Title Race, Religion and Law in Colonial India: Trails of an Interracial Family
Book Condition New
Jacket Condition New
Publisher New Delhi, India Cambridge University Press
1107026989 / 9781107026988
Seller ID 101435
How did British rule in India transform persons from lower social classes? Could Indians from such classes rise in the world by marrying Europeans and embracing their religion and customs? This book explores such questions by examining the intriguing story of an interracial family who lived in southern India in the mid-nineteenth century. The family which consisted of two untouchable brothers both of whom married Eurasian women became wealthy as distillers in the local community. A family dispute resulted in a landmark court case Abraham v. Abraham. Chandra Mallampalli uses this case to examine the lives of those involved and shows that far from being products of a 'civilizing mission' who embraced the ways of Englishmen the Abrahams were ultimately – when faced with the strictures of the colonial legal system – obliged to contend with hierarchy and racial difference.Printed Pages: 280 with 6 b/w illustrations & 3 maps.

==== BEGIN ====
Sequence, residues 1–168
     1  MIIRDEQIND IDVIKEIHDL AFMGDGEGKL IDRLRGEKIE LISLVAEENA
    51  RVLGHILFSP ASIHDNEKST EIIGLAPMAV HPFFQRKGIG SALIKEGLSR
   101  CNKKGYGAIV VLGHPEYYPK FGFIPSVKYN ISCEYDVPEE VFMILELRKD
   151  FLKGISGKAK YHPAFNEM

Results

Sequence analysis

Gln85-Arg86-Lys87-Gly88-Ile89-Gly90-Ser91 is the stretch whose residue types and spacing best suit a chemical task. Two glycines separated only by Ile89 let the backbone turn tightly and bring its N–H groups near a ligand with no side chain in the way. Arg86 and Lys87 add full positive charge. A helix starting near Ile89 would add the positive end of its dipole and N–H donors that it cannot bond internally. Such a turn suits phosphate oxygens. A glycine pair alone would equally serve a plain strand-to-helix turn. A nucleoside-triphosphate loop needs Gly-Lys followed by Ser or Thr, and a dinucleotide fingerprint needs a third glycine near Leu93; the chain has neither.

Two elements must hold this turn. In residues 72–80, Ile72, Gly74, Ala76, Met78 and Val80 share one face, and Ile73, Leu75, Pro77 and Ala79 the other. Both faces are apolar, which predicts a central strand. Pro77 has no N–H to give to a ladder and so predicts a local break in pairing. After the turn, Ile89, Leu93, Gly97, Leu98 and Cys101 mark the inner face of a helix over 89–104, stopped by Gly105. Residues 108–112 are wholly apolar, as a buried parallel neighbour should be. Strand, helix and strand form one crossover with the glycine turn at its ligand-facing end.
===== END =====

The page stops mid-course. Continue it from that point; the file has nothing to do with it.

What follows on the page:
Race, Religion and Law in Colonial India: Trails of an Interracial Family Chandra Mallampalli